Coronavirus Dashboard for February 8: Omicron declines sharply; did Delta provide protection against the worst outcomes?
As I mentioned yesterday, I haven’t posted a Coronavirus dashboard in awhile, and with Omicron in rapid retreat, it’s time for an update.
To begin with, deaths are presently peaking at roughly 2450 a day, while nationwide cases are down almost 2/3’s:
There are over a dozen States where numbers are now down close to, at, or even below their pre-Omicron outbreak levels. In particular, the Northeast region and Puerto Rico down over 85%. NY, NJ, CT, DC, DE, and MD are at the same level as they were last April, well below their winter 2020-21 peaks, and as of yesterday were still declining with no signs of stopping. *If* the current rate of decline of 50% per week is maintained, they will be at last June’s lows in about 4 weeks:
One thing that is somewhat surprising is that the relative rates of cases from Omicron does not correlate that strongly with previous vaccination rates. To cut to the chase, a previous bad Delta outbreak may have provided some protection against Omicron.
Here are the last 8 weeks (basically the time since Omicron hit) for the 10 most vaccinated (with 2 or more doses) jurisdictions, compared with the nationwide level (in red):
Note that many of them had substantially worse Omicron outbreaks than the average.
And here are the 10 least vaccinated jurisdictions:
Many of these had *lower* numbers than the national average.
It appears that the heavily vaccinated jurisdictions, being urban travel hubs, were exposed to Omicron first, and are further along in their declines, while the least vaccinated jurisdictions tend to be more rural, were hit later, and are declining less so far (and Tennessee is still increasing!). This pattern is more evident when we compare the jurisdictions with the lowest current rates of infection:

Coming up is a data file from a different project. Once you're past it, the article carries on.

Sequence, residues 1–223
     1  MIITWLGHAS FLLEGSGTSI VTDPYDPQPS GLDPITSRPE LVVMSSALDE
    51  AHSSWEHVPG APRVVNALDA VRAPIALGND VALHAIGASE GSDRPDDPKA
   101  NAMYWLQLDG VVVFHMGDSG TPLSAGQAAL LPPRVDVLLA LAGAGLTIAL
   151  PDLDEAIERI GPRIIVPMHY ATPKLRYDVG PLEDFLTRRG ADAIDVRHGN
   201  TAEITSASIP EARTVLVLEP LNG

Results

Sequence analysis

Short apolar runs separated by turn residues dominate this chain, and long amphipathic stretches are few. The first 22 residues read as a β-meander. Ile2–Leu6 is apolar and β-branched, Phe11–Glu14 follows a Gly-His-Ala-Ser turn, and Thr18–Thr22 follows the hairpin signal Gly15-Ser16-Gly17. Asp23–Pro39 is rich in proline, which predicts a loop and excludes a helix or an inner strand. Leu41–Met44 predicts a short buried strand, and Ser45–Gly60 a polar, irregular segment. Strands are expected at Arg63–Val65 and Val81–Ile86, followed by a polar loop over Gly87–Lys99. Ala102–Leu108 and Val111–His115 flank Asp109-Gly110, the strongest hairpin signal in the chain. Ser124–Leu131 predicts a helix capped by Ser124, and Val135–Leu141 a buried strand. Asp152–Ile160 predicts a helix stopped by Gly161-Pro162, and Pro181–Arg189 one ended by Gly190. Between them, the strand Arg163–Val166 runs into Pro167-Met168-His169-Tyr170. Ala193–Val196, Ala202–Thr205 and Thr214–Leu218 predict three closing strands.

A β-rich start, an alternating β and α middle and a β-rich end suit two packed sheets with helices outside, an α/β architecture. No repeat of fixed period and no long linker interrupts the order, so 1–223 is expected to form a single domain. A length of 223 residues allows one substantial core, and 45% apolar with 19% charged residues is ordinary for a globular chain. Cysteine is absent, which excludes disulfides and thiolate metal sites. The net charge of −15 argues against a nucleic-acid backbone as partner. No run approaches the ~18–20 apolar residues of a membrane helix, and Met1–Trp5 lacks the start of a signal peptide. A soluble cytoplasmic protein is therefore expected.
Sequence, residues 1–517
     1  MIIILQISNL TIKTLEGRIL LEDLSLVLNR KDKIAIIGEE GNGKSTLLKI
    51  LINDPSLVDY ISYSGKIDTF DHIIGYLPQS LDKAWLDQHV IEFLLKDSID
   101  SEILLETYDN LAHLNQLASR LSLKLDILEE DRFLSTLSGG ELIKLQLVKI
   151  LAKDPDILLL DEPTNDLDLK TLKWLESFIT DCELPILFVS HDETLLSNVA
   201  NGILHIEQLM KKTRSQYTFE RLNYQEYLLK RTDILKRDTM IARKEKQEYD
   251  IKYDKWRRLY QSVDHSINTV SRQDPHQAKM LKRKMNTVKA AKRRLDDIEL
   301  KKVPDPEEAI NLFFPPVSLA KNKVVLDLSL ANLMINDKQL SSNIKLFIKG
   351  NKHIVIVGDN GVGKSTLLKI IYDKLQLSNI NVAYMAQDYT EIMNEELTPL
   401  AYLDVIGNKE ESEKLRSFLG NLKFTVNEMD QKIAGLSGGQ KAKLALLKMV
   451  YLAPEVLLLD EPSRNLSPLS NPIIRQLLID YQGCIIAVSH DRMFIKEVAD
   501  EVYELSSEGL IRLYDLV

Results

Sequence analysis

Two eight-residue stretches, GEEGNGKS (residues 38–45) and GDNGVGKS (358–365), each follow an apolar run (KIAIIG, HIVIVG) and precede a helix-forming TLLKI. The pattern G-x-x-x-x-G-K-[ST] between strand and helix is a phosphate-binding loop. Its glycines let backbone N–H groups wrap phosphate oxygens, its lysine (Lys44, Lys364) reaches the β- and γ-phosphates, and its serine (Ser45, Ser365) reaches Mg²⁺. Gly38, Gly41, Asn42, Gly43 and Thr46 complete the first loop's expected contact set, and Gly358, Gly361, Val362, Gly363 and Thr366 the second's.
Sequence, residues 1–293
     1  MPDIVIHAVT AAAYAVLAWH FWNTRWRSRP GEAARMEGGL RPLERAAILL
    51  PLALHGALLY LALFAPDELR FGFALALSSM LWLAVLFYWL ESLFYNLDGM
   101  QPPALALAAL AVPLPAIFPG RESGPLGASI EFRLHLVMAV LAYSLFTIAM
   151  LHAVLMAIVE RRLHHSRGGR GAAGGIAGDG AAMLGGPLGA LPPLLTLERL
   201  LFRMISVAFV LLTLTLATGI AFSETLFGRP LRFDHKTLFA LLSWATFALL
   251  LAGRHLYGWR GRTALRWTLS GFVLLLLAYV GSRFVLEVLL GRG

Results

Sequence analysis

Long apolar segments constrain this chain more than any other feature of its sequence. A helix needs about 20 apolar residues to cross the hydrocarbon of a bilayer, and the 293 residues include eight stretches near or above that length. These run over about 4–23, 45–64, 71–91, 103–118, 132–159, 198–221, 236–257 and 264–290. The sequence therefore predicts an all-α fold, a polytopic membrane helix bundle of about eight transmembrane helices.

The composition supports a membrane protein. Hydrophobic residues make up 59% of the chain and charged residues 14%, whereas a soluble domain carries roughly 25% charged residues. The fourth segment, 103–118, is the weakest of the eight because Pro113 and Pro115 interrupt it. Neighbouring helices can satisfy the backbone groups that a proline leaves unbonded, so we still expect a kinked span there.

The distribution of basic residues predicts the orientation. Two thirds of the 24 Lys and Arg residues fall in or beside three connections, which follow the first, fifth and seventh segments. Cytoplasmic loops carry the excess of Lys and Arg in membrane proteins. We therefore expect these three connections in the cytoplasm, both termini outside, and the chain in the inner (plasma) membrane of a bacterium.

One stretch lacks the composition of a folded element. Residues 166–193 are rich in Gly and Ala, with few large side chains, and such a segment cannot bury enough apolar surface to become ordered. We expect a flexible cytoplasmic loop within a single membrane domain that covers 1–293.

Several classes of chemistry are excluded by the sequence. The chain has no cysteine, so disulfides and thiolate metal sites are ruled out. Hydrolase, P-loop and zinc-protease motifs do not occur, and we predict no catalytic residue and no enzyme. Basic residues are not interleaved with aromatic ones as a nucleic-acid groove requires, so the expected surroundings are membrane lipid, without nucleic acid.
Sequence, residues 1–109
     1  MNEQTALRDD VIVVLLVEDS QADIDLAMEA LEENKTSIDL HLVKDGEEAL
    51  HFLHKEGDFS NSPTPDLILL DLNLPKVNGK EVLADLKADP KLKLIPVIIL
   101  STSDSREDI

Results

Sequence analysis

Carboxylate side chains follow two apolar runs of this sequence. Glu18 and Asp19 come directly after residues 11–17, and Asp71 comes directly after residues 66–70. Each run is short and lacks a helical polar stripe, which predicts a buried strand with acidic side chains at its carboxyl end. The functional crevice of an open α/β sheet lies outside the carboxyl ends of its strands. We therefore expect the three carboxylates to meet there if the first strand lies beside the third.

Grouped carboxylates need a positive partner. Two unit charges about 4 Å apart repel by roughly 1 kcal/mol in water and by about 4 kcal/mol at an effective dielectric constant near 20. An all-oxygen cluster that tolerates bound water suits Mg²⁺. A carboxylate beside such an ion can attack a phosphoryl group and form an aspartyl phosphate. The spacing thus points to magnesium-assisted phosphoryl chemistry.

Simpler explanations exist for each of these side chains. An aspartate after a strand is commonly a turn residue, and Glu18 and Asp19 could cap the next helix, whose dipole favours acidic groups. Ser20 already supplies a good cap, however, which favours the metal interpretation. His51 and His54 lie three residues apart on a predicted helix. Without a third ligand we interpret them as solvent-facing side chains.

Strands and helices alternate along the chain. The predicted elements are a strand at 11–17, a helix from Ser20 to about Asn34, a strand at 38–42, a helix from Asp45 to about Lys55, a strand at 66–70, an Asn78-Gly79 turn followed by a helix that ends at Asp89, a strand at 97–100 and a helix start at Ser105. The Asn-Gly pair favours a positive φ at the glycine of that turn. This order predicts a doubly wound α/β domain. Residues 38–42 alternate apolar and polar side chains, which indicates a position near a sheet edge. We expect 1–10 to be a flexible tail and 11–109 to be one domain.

With those having the highest current rates of infection:
Again, urban areas were hit earlier, and have declined from peak more sharply than more rural areas.
The pattern is similar when we turn to deaths. For the US as a whole, total deaths in the past 8 weeks average 31.3 per 100,000.
Here’s the death rates for the 10 most vaccinated jurisdictions (including PR, but not DC):
PR (80% vaxxed) (20.9 deaths per 100,000)*
VT 80% 19.4*
RI 79% 37.5
ME 78% 31.0
MA 77% 39.5**
CT 77% 33.3
HI 76% 11.9*
NY 75% 39.0
NJ 73% 38.2
MD 73% 40.8**
And here is the same for the 10 least vaccinated jurisdictions:
AL 49% 22.6
WY 50% 30.8
MS 50% 31.
0LA 52% 22.1
AR 53% 32.6T
N 53% 47.8**
GA 53% 24.3
IN 53% 54.9**
ND 54% 24.7
MO 55% 35.1
*among 10 best rates
** among 10 worst rates
Other States included in the 10 best rates of deaths are:
Other States included in the 10 worst rates of deaths are:
While some highly vaccinated States – CA, OR, WA – have among the best records, others – PA – do not. And while some of the least vaccinated States – WV, MI – have terrible records, several others – FL, MT, UT – have among the best records.
To sum up, Omicron seems to have hit highly urbanized areas first and hardest, and more rural areas later on. In the urban areas, cases are declining sharply, while in rural areas deaths are still at or nearer their peaks. Vaccination status seems to be only weakly correlated with Omicron outcomes. This probably doesn’t have anything to do with any shortcomings in the vaccines, but rather the effect of recent bad Delta outbreaks (concentrated in the poorly vaccinated States) providing some protection against the worst outcomes from Omicron.